Related Characters: Madame Lyubof Andreyevna Ranevsky (speaker), Yermolai Alexeyitch Lopakhin (speaker), Leonid Andreyitch Gayef (speaker)
Related Symbols: The Cherry Orchard
Page Number: 20-21
Explanation and Analysis:

FIRS: I’ve been alive a long time. When they found me a wife, your father wasn’t even born yet. And when the Liberation came I was already chief valet. But I wouldn’t have any Liberation then; I stayed with my master. (A pause.) I remember how happy everybody was, but why they were happy they didn’t know themselves.

LOPAKHIN: It was fine before then. Anyway they used to flog ‘em.

FIRS (Mishearing him): I should think so! The peasants minded the masters, and the masters minded the peasants, but now it’s all higgledy-piggledy; you can’t make head or tail of it.

Related Characters: Yermolai Alexeyitch Lopakhin (speaker), Firs Nikolayevitch (speaker)
Page Number: 22-23
Explanation and Analysis:

LOPAKHIN: I should like to know what your opinion is of me?

TROPHIMOF: My opinion of you, Yermolai Alexeyitch, is this. You’re a rich man; you’ll soon be a millionaire. Just as a beast of prey which devours everything that comes in its way is necessary for the conversion of matter, so you are necessary too.

Related Characters: Yermolai Alexeyitch Lopakhin (speaker), Peter Trophimof (speaker)
Page Number: 23
Explanation and Analysis:

(They all sit pensively. Silence reigns, broken only by the mumbling of old FIRS. Suddenly a distant sound is heard as if from the sky, the sound of a string breaking, dying away, melancholy.)

MADAME RANEVSKY: What’s that?

LOPAKHIN: I don’t know. It’s a lifting-tub given way somewhere away in the mines. It must be a long way off.

GAYEF: Perhaps it’s some sort of bird… a heron, or something.

TROPHIMOF: Or an owl…

MADAME RANEVSKY (shuddering): There’s something uncanny about it!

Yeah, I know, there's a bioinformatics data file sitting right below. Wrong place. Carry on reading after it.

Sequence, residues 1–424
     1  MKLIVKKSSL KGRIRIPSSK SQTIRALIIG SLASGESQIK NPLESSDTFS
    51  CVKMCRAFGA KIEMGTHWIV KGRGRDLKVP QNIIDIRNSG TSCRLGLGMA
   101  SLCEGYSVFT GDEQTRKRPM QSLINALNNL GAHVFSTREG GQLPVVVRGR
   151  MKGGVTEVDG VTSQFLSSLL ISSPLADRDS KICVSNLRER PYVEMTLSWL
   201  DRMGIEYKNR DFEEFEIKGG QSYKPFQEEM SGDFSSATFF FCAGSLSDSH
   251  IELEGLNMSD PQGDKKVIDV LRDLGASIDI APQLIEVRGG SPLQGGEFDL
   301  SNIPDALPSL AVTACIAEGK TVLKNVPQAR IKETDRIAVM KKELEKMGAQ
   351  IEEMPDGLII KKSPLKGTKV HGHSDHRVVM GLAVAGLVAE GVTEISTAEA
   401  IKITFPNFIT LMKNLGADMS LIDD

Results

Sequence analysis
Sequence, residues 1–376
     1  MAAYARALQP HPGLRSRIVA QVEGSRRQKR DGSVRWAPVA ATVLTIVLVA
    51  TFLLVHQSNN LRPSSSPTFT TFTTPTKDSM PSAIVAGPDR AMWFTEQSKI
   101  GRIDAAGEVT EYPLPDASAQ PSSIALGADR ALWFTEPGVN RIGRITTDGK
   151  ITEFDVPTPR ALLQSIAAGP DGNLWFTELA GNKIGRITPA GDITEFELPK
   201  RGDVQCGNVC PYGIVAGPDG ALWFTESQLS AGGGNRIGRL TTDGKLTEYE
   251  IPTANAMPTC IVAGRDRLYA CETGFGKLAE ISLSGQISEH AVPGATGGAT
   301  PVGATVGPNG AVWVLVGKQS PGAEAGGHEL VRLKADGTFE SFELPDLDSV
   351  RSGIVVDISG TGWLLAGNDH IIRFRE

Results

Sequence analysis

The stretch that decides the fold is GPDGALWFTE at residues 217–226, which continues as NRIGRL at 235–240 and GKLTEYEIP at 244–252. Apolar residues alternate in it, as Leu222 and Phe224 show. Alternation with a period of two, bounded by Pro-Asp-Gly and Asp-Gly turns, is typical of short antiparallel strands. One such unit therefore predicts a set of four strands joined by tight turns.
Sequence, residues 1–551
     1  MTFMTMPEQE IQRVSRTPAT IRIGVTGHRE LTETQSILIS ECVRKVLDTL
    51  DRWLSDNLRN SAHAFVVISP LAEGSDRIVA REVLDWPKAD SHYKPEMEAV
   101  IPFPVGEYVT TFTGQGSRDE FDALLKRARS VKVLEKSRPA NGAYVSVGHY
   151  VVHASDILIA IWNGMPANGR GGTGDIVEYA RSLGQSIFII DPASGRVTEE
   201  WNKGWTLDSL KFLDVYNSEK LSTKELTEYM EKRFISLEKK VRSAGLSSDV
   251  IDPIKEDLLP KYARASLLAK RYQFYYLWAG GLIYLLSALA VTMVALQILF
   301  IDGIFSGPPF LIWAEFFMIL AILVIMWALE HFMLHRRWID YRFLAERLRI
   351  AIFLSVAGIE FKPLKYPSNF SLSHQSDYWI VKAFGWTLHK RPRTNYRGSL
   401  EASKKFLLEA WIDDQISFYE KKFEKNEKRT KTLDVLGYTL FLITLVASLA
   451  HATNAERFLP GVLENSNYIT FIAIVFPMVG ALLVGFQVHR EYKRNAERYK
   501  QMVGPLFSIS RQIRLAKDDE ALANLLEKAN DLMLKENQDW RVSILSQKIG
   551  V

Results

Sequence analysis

FIRS: The same thing happened before the great misfortune: the own screeched and the samovar kept humming.

GAYEF: What great misfortune?

FIRS: The Liberation.

Related Characters: Madame Lyubof Andreyevna Ranevsky (speaker), Yermolai Alexeyitch Lopakhin (speaker), Leonid Andreyitch Gayef (speaker), Firs Nikolayevitch (speaker)
Page Number: 25
Explanation and Analysis:
Act 3 Quotes

MADAME RANEVSKY: Who bought it?

LOPAKHIN: […] I bid nine thousand more than the mortgage, and got it; and now the cherry orchard is mine! Mine! (Laughing.) Heaven’s alive! Just think of it! The cherry orchard is mine! Tell me that I’m drunk; tell me that I’m off my head; tell me that it’s all a dream! […] If only my father and my grandfather could rise from their graves and see the whole affair, how their Yermolai, their flogged and ignorant Yermolai, who used to run around barefooted in the winter, how this same Yermolai had bought a property that hasn’t its equal for beauty anywhere in the whole world! I have bought the property where my father and grandfather were slaves, where they weren’t even allowed into the kitchen. I’m asleep, it’s only a vision, it isn’t real… ‘Tis the fruit of imagination, wrapped in the mists of ignorance. […] Come everyone and see Yermolai Lopakhin lay his axe to the cherry orchard, come and see the trees fall down! We’ll fill the place with villas; our grandsons and great-grandsons shall see a new life here […] Here comes the new squire, the owner of the cherry orchard!

Related Characters: Madame Lyubof Andreyevna Ranevsky (speaker), Yermolai Alexeyitch Lopakhin (speaker), Barbara
Related Symbols: The Cherry Orchard
Page Number: 38
Explanation and Analysis:
Act 4 Quotes

LOPAKHIN: In the spring I sowed three thousand acres of poppy and I have cleared four thousand pounds net profit. […] So you see, I cleared four thousand pounds; and I wanted to lend you a bit because I’ve got it to spare. What’s the good of being stuck up? I’m a peasant… As man to man…

TROPHIMOF: Your father was a peasant; mine was a chemist; it doesn’t prove anything. (LOPAKHIN takes out his pocket-book with paper money.) Shut up, shut up… If you offered me twenty thousand pounds I would not take it. I am a free man; nothing that you value so highly, all of you, rich and poor, has the smallest power over me; it’s like thistledown floating on the wind. I can do without you; I can go past you; I’m strong and proud. Mankind marches forward to the highest truth, to the highest happiness possible on earth, and I march in the foremost ranks.

LOPAKHIN: Will you get there?

TROPHIMOF: Yes. (A pause.) I will get there myself or I will show others the way.